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GM's Cruise Won't Commercialize Self-Driving Vehicles This Year

GM's Cruise Won't Commercialize Self-Driving Vehicles This Year

General Motors’ Cruise Automation division will not meet their goal of having a commercial self-driving ride-hailing service in 2019. The company is no longer providing a specific timeline for commercializing its self-driving technology.

In an interview with The Verge Cruise CEO Dan Ammann confirmed the company will be unable to meet is goal this year. Instead, Ammann confirmed the company plans to greatly expand its self-driving test fleet in San Francisco, but will not offer rides to regular people anytime in 2019.

Previously Cruise announced to investors it would offer a ride-hailing service in 2019 utilizing its autonomous vehicle fleet. Cruise seems to moving away from offering any timelines at all now. Ammann declined to say when he thinks the company’s plans will ultimately pan out.

“Our goal is to get there as soon as possible,” Ammann said. “We want that moment to come as quickly as we can. But everything that we do right now is going to be gated by safety. And that’s why we’re increasing our testing and validation mileage just to get to that point as rapidly as possible.”

Aside from the above, Ammann declined to get into specifics that are preventing the company from achieving its goal. Reports have surfaced suggesting the company is having trouble with its self-driving cars being slow with erratic maneuvers, but Ammann did not confirm or deny those reports.

In addition to technological challenges, Cruise is also facing regulatory issues. The company has submitted a request to the National Highway Transportation Safety Administration (NHTSA) to build Cruise AV vehicles without a steering wheel or pedals. NHTSA decided it would take the matter for public comment and conduct a full review. The review ended in May, but Cruise is still awaiting NHTSA’s final decision.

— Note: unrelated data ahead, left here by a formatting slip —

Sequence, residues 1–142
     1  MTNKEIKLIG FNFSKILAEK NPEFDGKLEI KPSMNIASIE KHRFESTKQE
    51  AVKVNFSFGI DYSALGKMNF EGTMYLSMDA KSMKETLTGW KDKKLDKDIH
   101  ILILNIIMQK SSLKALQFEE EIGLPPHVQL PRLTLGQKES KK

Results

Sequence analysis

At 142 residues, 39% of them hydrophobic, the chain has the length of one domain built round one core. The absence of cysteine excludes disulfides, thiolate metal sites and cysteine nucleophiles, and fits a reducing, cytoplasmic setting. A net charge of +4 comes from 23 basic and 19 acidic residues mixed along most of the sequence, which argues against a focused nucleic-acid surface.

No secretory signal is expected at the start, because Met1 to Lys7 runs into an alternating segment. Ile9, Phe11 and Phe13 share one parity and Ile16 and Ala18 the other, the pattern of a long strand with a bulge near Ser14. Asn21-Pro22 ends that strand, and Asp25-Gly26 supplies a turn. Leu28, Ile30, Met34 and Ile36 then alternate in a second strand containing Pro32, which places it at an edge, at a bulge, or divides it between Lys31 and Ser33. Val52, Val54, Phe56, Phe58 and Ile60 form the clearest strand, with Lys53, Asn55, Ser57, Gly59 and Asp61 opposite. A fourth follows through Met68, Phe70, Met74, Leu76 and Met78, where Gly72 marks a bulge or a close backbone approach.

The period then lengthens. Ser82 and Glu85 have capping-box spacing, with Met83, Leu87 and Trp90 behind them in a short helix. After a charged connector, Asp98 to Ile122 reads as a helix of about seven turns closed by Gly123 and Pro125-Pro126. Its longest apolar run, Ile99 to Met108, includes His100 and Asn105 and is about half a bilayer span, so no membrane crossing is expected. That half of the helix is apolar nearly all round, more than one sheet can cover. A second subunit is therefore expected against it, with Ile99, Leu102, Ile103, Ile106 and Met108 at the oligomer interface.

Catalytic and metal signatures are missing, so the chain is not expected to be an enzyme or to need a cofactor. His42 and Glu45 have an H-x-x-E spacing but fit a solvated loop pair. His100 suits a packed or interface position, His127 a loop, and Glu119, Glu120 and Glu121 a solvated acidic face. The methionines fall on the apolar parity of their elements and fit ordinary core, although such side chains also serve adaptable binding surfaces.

GM purchased Cruise back in 2016 for $1 billion. The company was originally going to test its self-driving fleet in New York City, but failed to ever get approval from the state to test its fleet on public roads. Ultimately Cruise decided to stay in San Francisco, abandoning plans for its NYC office.

 





 

About Nick Saporito

AutoVerdict Senior Editor Nick Saporito began writing about cars at age 13. Nick ran a couple of automotive enthusiast sites for several years, before taking some time off to focus on his career and education. By day he's a marketing executive in the telecom world and by night he hangs out here at AV. You'll find him focusing on tech, design and the industry's future.
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